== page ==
The National Horsemen's Benevolent and Protective Association will tackle several issues, including governmental affairs, high volume pari-mutuel bettors, and use of furosemide on race day during its convention Jan. 12-16.
The Association of Racing Commissioners International Model Rules Committee has adopted protocol that prohibits private veterinarians from administering furosemide on race day.
If testimony taken Nov. 14 in Kentucky, a major breeding and racing state, is any indication, the battle over use of furosemide on race day doesn't figure to end any time soon.
The pros and cons of race-day medication in racehorses were debated Nov. 14 during a lengthy meeting of the Kentucky Horse Racing Commission Race Day Medication Committee at the state Capitol.
Noting that it is a "world championship event and it ought to be at a world championship venue," Breeders' Cup president and CEO Craig Fravel said track enhancements will play a role in the selection of future sites.
Lenny and Kenny Rice of NBC Sports review breaking news, the Saratoga race meet, Del Mar Exes race, Race Medication and Leftylenythelegend. Watch Video
The outspoken owner offers strong opinions on the Breeders' Cup and Lasix. read blog
An industry consortium supports administration of Salix by regulatory veterinarians only and a ban on adjunct bleeder drugs, but will continue to study a pilot program proposal to ban the use of race-day Salix in 2-year-olds.
Lenny and Steve discuss upcoming races, including the Whitney, Haskell, and Hopeful; Blind Luck and Havre de Grace, and the story behind graded stakes winner Majestic City. Plus trainer Kenny McPeek talks about lasix. Watch Video
The medication summit will shed plenty of light on how the U.S. can improve its policies. Read Blog
Saying they support efforts to limit race-day medications, two prominent Thoroughbred trainers said they hope the initiatives do not go so far as to ban use of the anti-bleeder drug known as Salix.
Beginning Jan. 26, veterinarians for the New York Racing Association will administer the bleeder medication Salix to horses on race day.
Though most racing jurisdictions in North America have greatly curtailed the use of race-day medication, two drugs commonly used in racehorses are getting a hard look from industry officials.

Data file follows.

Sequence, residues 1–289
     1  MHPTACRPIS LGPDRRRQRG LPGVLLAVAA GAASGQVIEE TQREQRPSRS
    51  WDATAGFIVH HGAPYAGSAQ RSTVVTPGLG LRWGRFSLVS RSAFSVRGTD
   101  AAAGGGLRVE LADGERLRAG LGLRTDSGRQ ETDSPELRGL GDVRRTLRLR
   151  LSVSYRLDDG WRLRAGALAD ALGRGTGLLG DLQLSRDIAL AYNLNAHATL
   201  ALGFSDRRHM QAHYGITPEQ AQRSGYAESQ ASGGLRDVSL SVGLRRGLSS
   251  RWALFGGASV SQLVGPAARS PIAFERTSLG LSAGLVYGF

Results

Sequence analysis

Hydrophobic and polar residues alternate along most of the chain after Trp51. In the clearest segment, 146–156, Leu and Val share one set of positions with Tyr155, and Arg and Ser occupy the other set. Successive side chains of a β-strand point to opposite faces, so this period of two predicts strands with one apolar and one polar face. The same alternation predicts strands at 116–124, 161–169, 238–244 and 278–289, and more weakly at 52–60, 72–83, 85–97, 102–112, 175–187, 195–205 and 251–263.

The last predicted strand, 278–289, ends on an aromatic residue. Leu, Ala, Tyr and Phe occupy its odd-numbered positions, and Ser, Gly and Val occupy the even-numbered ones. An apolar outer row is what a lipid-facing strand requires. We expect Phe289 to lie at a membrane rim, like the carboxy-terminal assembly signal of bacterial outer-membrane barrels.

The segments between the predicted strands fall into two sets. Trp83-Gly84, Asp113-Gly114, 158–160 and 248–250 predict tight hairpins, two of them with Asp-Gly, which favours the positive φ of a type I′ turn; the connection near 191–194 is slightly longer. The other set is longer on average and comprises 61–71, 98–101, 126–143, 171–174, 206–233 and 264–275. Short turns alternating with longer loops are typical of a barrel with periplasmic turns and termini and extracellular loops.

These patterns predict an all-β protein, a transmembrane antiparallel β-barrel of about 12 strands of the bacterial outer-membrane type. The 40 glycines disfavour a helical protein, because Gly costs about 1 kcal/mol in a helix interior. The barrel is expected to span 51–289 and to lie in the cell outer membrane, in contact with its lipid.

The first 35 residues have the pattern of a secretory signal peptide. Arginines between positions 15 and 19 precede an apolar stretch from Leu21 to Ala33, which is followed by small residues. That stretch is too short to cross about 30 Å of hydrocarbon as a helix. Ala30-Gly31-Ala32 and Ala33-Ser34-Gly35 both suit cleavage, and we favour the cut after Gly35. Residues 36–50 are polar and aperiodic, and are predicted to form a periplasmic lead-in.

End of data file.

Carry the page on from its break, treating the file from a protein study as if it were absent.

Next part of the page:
Using emergency regulations, the Louisiana Racing Commission has banned the use of anabolic steroids in racehorses effective Jan. 1, 2009.
California stewards issued a unanimous decision July 5 that Intercontinental, official winner of the Palomar Breeders' Cup Handicap (gr. IIT) at Del Mar last September, "did not gain an unfair advantage when it raced with a late treatment of pre-race bleeder medication."
Veterinarian Amy Lee Nevens has been fined $750 by the California Horse Racing Board for falsely reporting when she administered a Salix shot last September at Del Mar.
For the first time in Breeders' Cup history, horses entered in all championship races will be required to pass through a race-day detention barn, keeping in step with security measures set up by the New York Racing Association earlier this year.
Under new New York Racing Association guidelines, the minimum amount of Lasix administered to horses has been reduced and trainer declarations for eligibility for the diuretic will no longer be accepted.
Scot Waterman, executive director of the national Racing Medication and Testing Consortium, said the group has made significant progress the last year in getting racing jurisdictions to adopt its chapter on medication and model rules, a uniform set of medication and drug-testing policies.
The Racing Medication and Drug Testing Consortium reached unanimous agreement Tuesday on several sections of a model drug-testing policy that will be brought to various state regulatory agencies for review later this year.
There are 91 horses competing in the eight Breeders' Cup World Thoroughbred Championships races Saturday at Arlington Park. Of them, only three will not run on Salix.
The symbol (L) is widely used in racing programs to inform the betting public that a horse has been treated with the bleeder medication Salix (formerly known as Lasix). But visitors to Maryland for the Preakness might notice something different.
The European contingent for the Breeders' Cup World Thoroughbred Championships arrived in good order this year despite some concerns over international travel in light of the Sept. 11 terrorist attacks on the United States. In fact, this year's shippers are said to make up one of the strongest groups ever.
Lasix is now SALIX in the veterinary industry. When Intervet acquired Hoechst Roussel Vet in November 1999, Intervet agreed that Aventis Pharmaceuticals would retain Lasix as the registered trademark for the human drug. So the veterinary furosemide product has become SALIX.
- By Ray Paulick
By Ray Paulick -- By almost any measure, Thoroughbreds racing today are not much faster and certainly less durable than their ancestors.
European shippers Pine Dance and Hymn, both racing on Lasix for the first time, swept the top two spots of the $194,000 American Derby (gr. IIT) at Arlington International Sunday.
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